My son, the storyteller
My 9-year-old son is a storyteller. Not the "Once upon a time" variety, but rather a preambler, a prose stylist, someone who consistently misses the forest because of his devotion to counting each and every tree.
Let me explain by way of example. I recently bought Anton a yellow pullover rain jacket. Two days later he came home from school without it. When I asked him where it was, he took a breath, gazed off into the distance, and began his tale: "Well, after I left the house this morning I got on the school bus and said hi to Jacob. Then it started to rain, and so we decided to play with our Pokémon cards ..."
At this point I heaved a sigh, looked heavenward, gently shook my head, and settled in for the long haul. After listening to the recitation of the (uneventful) bus ride, Anton's day in school, his recess on the playground, and finally the ride home, this was the story's climax: "Actually, I don't know where the jacket is."
As an admirer of both Hemingway and E.B. White, I have learned to disdain the unnecessary word. With Anton, though, I have had to accept Faulkner into my home, and I often stand in awe of my son's capacity to construct back-to-back dependent clauses while managing to bear in mind my initial question.
I don't know where his propensity for the scenic route in speech came from. I certainly didn't detect it almost four years ago when I traveled to a Ukrainian orphanage to adopt him. I distinctly recall my first impressions: Anton was tiny, wan, timid, and very, very quiet. So quiet that I asked the orphanage director this pointed question: "Does he ever speak?"
Oh, yes, she assured me, just wait.
My modest investment in patience produced a wholesale return of narrative. Once Anton got his grounding in English (he spoke only Russian at first), he seemed to draw upon it the way a hummingbird imbibes nectar. He hasn't stopped talking since.
The thing is, he really does have something to say. But there have been times of urgency when I just had to know - immediately - the answer to my question. This happened in spades one Christmas holiday when we were driving to New Jersey to visit family. A few miles before exiting the New Jersey Turnpike, Anton asked me if he could hold the toll ticket. For some reason that still mystifies me, I forked it over. "Now, don't lose it," I counseled.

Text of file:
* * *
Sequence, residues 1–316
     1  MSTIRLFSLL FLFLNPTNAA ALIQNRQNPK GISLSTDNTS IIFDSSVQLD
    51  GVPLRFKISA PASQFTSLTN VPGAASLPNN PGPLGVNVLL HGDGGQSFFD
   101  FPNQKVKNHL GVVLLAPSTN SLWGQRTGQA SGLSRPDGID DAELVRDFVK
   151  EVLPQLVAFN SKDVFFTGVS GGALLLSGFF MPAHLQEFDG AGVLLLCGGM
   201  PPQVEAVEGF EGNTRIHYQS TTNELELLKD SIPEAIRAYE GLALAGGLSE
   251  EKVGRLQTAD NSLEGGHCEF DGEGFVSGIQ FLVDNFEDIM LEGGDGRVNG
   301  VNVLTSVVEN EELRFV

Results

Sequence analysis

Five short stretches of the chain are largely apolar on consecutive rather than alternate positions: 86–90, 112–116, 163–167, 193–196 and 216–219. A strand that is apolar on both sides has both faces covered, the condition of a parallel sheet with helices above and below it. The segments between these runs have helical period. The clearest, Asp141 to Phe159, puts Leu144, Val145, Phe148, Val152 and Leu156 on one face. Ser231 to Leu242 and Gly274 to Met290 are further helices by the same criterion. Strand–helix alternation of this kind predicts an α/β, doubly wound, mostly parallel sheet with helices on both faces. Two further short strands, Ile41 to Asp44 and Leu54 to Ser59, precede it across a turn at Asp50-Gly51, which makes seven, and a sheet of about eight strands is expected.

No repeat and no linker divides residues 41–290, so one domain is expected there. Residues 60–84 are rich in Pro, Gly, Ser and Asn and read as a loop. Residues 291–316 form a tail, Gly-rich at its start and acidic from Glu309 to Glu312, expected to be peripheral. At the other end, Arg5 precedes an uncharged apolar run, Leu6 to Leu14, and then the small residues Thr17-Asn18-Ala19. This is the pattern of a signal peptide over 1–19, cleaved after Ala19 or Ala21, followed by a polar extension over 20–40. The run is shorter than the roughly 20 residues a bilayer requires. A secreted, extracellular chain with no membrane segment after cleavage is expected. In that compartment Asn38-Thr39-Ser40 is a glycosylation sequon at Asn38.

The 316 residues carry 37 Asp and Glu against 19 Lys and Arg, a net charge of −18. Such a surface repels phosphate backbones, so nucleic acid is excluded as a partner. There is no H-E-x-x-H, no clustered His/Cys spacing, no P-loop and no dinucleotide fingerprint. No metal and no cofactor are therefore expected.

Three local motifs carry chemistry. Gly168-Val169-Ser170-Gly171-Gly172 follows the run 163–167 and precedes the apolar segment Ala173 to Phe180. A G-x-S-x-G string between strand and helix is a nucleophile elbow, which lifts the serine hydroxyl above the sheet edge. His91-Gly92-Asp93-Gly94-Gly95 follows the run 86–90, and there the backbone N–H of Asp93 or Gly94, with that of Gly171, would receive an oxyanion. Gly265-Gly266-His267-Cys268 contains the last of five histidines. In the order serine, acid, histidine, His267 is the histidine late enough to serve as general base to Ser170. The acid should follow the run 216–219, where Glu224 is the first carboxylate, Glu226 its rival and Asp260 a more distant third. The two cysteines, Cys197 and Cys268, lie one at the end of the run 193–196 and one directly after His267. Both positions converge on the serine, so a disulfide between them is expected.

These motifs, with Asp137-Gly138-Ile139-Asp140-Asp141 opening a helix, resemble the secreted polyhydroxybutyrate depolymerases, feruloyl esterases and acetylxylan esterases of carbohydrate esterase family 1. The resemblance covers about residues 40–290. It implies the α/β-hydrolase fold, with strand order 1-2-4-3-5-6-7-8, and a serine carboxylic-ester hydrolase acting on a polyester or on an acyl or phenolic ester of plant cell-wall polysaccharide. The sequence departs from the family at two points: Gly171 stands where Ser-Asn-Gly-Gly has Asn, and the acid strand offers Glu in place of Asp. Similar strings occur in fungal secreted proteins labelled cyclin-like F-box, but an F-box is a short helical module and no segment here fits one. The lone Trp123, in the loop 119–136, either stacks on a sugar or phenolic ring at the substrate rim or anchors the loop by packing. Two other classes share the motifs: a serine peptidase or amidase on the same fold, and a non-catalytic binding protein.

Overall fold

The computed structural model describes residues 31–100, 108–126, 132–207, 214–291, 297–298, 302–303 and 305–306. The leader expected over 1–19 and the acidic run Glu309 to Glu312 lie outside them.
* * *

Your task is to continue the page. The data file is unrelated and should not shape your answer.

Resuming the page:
As we maneuvered into a toll lane - a hair-raising experience for those who know the helter-skelter of the Jersey Turnpike - I asked Anton for the ticket. His response: "Well, the window was open, and there was a lot of traffic outside ..."
"Anton," I said, gently, as the line of cars before me inched ahead. "The ticket. Where's the ticket?"
"Actually," he continued, "it wasn't as windy as I thought it would be. And there was this other kid in a black car who waved at me ..."
"Anton!" I interrupted again, by now able to see the visage of the toll taker, a large, impatient-looking man. "The ticket! The ticket!"
"I had it here," he said. "But then I held it up to the crack in the window ..."
Only one car in front of me now, as I moved into the dark maw of the toll booth. "Anton," I said, quietly and clearly. "If I don't give this man the ticket, he'll charge us the maximum price. Now, where's the ticket?"
Anton's response: "What does 'maximum' mean?"
We were alongside the toll window. The man was looking at me, his palms turned upward. I turned around. "Anton, did you lose the ticket out the window?"
"No," he said. "That's what I wanted to say. I held it up, but it didn't fly out." Having said this, he calmly handed it to me.
The toll collector was still looking at me. Then he smiled as I paid my toll. "It's OK," he said. "I got a kid, too."
Grateful for his understanding, I glanced back at Anton. He beamed at me as if to say, "See? All's well that ends well."
Despite the occasional trials Anton's love of narration puts me through, I have never - except in the case of the toll ticket - sought to abridge his speech. Instead, as an outlet for all that he has to say, I encouraged him to write. He took to the art with alacrity and creates sheaves of written work so thick that he calls them his "books."
I considered that writing might take some of the wind out of his oral sails (why did I ever think this?), but it has only shored up his affection for language. The show goes on, sometimes with gratifying results: Yesterday, when he came home from school, I asked him about his day. "Well," he began, "remember how it was rainy when I got up? Actually, we could still go to recess, and ..."
I went into my mode of half-listening restraint, and was rewarded for my forbearance when, four minutes later, the plot took a wondrous turn, offering up a surprise ending. "And here," said Anton as he reached into his backpack and pulled out its contents, "is my rain jacket!"
And we lived happily ever after.